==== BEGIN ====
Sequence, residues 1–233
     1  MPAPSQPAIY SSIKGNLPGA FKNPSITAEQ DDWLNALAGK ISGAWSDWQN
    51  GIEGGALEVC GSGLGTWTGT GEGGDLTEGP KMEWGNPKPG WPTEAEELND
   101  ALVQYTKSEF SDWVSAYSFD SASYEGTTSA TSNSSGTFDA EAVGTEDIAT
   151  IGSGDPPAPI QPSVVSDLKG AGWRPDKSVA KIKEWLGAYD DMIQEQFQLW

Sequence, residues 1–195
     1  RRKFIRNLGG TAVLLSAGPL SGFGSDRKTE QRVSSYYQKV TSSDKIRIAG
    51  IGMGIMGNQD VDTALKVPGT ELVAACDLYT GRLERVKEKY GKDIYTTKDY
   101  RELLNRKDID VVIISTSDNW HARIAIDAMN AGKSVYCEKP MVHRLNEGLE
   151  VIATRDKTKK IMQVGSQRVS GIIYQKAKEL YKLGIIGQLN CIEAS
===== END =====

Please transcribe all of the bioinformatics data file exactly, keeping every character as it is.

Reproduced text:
Sequence, residues 1–233
     1  MPAPSQPAIY SSIKGNLPGA FKNPSITAEQ DDWLNALAGK ISGAWSDWQN
    51  GIEGGALEVC GSGLGTWTGT GEGGDLTEGP KMEWGNPKPG WPTEAEELND
   101  ALVQYTKSEF SDWVSAYSFD SASYEGTTSA TSNSSGTFDA EAVGTEDIAT
   151  IGSGDPPAPI QPSVVSDLKG AGWRPDKSVA KIKEWLGAYD DMIQEQFQLW

Sequence, residues 1–195
     1  RRKFIRNLGG TAVLLSAGPL SGFGSDRKTE QRVSSYYQKV TSSDKIRIAG
    51  IGMGIMGNQD VDTALKVPGT ELVAACDLYT GRLERVKEKY GKDIYTTKDY
   101  RELLNRKDID VVIISTSDNW HARIAIDAMN AGKSVYCEKP MVHRLNEGLE
   151  VIATRDKTKK IMQVGSQRVS GIIYQKAKEL YKLGIIGQLN CIEAS